The Truth About Decaf Coffee
How is it made? And how much caffeine is really in it?
Science is strange. Sometimes it can say that caffeine is good and even safe to drink for those with heart failure, and other times it flat out says caffeine is bad even for the healthiest of individuals. Either way, decaf coffee is a good choice for those of us who want to enjoy our favorite drink— minus the caffeine.
Separating coffee from caffeine sounds a little counterproductive and flat-out pointless at first. After all, caffeine is named after coffee, so their relationship is very important.
Caffeine contributes to bitterness and, by itself, can cause irritation of the stomach, which is why the removal of caffeine in coffee can lead to partial loss of its original flavor if not done carefully.
In terms of being “decaffeinated”: it is not, in the widest sense of the word. Decaffeination can only remove 97% of the total caffeine content at best. This means that a cup of decaf will still contain some caffeine, although the amount is practically meaningless— about 7 mg per cup, while a regular cup contains 140 mg or more per cup.
So let’s answer the big question: how are coffee beans decaffeinated?
There are two methods most commonly used for decaffeinating coffee beans:
#1 Swiss water method
The swiss water method came up as a solution for old methods invented more than a century ago which used solvents that are very bad for our health. Instead, the swiss water method (invented in 1933) uses only water.
Green coffee is soaked in hot water to extract the caffeine, yet it is then passed through an activated charcoal filter. This filter traps in it most -if not all- of the caffeine molecules. Those beans are then discarded, and it’s the caffeine-free green coffee extract that is used.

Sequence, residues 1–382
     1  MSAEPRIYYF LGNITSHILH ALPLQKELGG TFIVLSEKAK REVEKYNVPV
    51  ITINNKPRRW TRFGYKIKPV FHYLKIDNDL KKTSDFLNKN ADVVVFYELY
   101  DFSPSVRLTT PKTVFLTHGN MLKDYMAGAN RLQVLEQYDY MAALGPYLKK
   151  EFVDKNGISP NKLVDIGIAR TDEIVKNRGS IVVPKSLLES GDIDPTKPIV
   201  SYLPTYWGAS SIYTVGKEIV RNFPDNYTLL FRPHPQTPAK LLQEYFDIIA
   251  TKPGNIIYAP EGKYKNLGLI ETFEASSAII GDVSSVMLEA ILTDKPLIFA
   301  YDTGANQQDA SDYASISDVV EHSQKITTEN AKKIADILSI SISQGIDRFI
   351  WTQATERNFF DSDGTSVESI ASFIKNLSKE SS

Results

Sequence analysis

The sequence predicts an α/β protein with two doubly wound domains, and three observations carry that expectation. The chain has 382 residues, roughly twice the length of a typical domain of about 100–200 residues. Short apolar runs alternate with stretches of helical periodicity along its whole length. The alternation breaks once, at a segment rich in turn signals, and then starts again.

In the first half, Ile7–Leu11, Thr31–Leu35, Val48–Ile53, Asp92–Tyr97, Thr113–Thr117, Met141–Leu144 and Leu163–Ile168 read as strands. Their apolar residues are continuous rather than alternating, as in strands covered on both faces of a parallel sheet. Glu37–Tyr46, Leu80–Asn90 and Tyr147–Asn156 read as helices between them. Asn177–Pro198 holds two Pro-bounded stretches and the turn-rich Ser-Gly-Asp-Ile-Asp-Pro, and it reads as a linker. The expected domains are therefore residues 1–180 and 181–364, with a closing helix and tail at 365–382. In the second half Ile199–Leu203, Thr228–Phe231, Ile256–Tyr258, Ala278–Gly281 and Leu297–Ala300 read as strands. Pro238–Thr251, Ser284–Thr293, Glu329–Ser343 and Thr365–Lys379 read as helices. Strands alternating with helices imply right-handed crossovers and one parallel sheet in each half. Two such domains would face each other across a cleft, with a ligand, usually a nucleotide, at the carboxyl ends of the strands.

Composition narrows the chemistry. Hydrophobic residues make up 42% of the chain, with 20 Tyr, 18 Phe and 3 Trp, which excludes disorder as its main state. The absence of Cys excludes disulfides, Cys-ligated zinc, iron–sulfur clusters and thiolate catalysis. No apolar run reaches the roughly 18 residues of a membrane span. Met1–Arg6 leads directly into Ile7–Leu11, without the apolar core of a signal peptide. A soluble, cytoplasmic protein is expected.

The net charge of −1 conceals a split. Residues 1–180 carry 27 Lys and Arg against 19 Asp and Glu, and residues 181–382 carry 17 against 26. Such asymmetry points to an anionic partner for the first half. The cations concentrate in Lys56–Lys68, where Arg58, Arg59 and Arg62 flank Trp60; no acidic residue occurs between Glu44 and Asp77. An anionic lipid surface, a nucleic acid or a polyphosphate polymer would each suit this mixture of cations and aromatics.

Now, the good coffee is soaked in this water, and a magical thing happens: caffeine is attracted towards this water, and so it migrates from the beans and into this water.
This process can be repeated ad nauseam, but it varies depending on the seller’s needs. Caffeine content will, however, be higher the less times the process is repeated and vice versa.
#2 Supercritical CO2
Carbon dioxide, usually a gas, can turn liquid when you apply the right amount of pressure and heat. This is anywhere from 100 to 1000 bars of pressure— an espresso is extracted using 15 bars of pressure, just so you get an idea. Temperature must be above 31°C or 87.8 °F for it to become supercritical.
Carbon dioxide used like this has dominated the market for solvents because compared to most others used before, this solvent is completely harmless to the body in small quantities. It is not toxic and -most important of all- it is cheap. Also, it’s rather good for the environment and you don’t need to resort to invasive practices (like deforestation) to get carbon dioxide.
In a similar manner to the first method of decaffeination, supercritical carbon dioxide is run through coffee beans enough times so that the caffeine is extracted. Unlike swiss water, this method is much less invasive and sometimes credited to achieve a better flavor in the cup than other methods.
In the end, one thing is sure: decaf coffee is not the same as any other coffee. Whether you use one process or the other, the truth is that the science is not clear on what else we’re removing from the coffee beans along with the caffeine. Or what could be added to them, even. What is clear is that caffeine content goes down: that’s more than enough for now.
While not the same in flavor or taste, decaf coffee can still be delicious if properly roasted by experienced people on this particular subject.